Where do Doncaster Rovers fit into the future of football?
Gravy and cheese. The bad boy boyfriend and the protective dad. Football and capitalism.
Some things just don’t mix easily.
To understand why football and capitalism are an awkward mix it’s important to understand how a football club serves both its fans and its owners.
For the fan, a football club serves as a place to meet others, to be part of something bigger than ourselves and as a welcome distraction to the myriad of thoughts and anxieties we spend the rest of the week battling with. Togetherness. Socialism.
For the owner, a football club serves as a place to make a return on your investment, make objective decisions to help expand your audience and grow your brand. Objectivity. Capitalism.
The fact that football clubs manage to survive serving both fans and owners whilst walking this tightrope is remarkable.
The introduction of the ESL (or a re-heated, less embarrassingly disorganised future version) may well prove to be the moment where the tightrope breaks.
Clubs that serve themselves with little to no regard for fans.
I am going to define those clubs that were within the ESL (and those that felt unlucky not to be invited, we can all guess who) as the Elite.
The Elite have decided that football fans can be commodified just the same as supermarket shoppers.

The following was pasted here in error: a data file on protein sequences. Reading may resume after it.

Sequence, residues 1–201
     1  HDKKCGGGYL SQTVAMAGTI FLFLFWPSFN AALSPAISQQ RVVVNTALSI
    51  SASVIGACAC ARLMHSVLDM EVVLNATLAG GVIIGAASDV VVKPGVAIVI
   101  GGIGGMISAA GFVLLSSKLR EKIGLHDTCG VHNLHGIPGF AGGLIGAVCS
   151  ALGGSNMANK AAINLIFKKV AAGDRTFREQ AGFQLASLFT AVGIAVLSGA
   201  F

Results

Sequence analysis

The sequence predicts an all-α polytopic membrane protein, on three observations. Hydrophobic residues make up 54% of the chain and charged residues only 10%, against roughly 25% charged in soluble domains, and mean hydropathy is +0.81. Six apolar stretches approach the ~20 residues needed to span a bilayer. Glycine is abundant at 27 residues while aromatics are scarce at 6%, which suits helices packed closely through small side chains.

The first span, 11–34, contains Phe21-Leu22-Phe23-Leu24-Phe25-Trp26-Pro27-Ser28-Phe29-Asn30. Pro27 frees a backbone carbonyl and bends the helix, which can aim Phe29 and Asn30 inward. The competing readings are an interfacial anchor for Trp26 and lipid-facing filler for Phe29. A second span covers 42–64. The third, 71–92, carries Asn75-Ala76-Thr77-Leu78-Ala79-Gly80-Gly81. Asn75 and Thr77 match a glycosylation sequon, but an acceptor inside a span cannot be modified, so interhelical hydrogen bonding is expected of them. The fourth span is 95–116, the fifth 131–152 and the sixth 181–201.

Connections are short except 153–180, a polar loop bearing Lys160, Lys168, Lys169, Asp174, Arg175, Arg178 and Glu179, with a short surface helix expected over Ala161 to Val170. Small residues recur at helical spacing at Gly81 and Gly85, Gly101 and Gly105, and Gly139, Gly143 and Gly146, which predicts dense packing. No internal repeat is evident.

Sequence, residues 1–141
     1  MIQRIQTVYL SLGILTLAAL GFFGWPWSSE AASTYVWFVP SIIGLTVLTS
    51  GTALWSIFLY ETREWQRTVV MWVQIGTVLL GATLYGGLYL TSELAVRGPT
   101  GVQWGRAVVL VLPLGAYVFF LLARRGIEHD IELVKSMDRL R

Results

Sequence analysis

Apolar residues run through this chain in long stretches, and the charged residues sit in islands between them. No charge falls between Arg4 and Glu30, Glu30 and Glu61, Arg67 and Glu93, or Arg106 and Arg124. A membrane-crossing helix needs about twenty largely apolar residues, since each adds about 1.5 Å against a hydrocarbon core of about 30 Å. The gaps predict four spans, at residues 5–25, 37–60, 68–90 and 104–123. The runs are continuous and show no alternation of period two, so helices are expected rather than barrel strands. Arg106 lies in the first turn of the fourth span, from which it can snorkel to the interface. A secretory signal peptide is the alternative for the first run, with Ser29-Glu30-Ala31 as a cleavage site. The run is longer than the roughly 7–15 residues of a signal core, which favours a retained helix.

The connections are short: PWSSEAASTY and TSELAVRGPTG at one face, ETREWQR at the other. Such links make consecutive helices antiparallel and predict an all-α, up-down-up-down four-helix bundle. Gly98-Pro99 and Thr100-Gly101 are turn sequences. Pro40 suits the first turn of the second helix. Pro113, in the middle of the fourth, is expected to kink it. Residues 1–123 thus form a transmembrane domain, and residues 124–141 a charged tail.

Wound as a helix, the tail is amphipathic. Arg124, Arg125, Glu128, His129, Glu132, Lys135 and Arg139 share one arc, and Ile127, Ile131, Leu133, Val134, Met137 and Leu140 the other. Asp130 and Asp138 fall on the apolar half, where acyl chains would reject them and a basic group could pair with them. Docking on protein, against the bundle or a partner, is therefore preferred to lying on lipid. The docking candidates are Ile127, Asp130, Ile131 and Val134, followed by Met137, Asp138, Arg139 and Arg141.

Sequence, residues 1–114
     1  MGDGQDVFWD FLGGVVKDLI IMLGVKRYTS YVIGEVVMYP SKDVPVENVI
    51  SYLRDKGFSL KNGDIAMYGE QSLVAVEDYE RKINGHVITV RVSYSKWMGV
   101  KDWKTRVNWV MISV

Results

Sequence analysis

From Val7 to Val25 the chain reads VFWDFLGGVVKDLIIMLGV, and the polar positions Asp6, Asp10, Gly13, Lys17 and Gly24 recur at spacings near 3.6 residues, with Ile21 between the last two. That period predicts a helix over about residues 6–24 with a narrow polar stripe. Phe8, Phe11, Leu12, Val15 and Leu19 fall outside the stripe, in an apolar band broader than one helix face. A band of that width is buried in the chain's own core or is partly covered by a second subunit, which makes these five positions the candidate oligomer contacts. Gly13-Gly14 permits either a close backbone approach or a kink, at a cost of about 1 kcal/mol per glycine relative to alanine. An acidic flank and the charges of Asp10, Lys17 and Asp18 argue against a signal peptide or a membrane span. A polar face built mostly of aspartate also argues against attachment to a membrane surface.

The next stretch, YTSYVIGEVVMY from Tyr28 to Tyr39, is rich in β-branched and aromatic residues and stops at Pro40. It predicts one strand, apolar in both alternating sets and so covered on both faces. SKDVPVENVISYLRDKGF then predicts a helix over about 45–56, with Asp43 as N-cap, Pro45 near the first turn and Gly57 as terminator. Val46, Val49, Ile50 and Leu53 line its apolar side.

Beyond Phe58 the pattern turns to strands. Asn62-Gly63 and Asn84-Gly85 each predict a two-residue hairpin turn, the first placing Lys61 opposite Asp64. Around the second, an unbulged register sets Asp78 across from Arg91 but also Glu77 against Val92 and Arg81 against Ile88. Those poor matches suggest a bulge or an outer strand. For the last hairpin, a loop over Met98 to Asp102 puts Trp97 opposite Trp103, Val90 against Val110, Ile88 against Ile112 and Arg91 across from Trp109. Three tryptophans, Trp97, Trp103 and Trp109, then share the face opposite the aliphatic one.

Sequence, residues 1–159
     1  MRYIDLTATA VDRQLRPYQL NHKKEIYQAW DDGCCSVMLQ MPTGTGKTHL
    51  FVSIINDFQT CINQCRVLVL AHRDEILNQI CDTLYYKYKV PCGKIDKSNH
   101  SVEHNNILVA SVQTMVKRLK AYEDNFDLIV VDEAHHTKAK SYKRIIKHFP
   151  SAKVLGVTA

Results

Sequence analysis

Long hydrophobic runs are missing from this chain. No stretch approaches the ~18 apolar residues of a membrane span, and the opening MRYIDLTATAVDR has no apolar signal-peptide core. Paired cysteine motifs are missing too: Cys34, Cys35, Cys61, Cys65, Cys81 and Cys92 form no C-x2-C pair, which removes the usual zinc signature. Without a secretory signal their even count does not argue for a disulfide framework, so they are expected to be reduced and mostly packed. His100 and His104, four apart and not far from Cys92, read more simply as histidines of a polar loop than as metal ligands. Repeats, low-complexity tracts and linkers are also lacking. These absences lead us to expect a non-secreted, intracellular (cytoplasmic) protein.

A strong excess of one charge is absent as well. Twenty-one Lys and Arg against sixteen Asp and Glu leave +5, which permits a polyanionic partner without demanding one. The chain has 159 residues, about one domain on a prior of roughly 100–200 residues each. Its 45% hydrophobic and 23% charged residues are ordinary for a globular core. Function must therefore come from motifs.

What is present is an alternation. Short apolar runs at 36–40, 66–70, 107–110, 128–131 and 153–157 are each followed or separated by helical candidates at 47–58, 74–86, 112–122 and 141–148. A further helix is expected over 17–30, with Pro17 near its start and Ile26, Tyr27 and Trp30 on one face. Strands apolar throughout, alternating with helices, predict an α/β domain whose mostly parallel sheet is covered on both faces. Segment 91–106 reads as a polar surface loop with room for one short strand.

We’ve been put into distinct categories, distinguishable only by how we consume.
The Legacy Fan is the old man in a flat cap talking about the miners’ strike and how easily footballers go down these days.
He consumes football for 90 minutes at a time through a match ticket, a pie and a programme.
Outside of football he consumes 5-day-test cricket, hard boiled sweets in case the grandkids visit and cod liver oil to keep the doctor away.
The Legacy Fan holds little value to the Elite for he is deemed to not want to consume it.
The Future Fan is the 18-year-old glued to their phone screen in search of the next distraction to keep hold of their goldfish attention span for the next 30 seconds.
They couldn’t possibly sit through 90 minutes of football but may well subscribe to a deal to view the last 15 minutes of a match to cut to the chase.
They don’t care if Real Madrid play Liverpool every week because frankly they can’t remember last week.
Outside of football they consume adverts subconsciously through apps, free range avocadoes on free range toast and the last chapter of any book left lying around.
The Future Fan is also anybody within the Asian market.
The Future Fan holds much value to the Elite for they are deemed to want to consume every last drop.
Irony aside, where does this potential future of football leave Doncaster Rovers and clubs of similar and smaller stature, where do we fit?
The truth is that we don’t. It’s not that the Elite don’t care about us, that kind of regard is reserved for Everton, Seville and Ajax. It’s that without the ability to enhance the brand of the Elite and to engage with the Future Fan, clubs like Doncaster Rovers serve no purpose.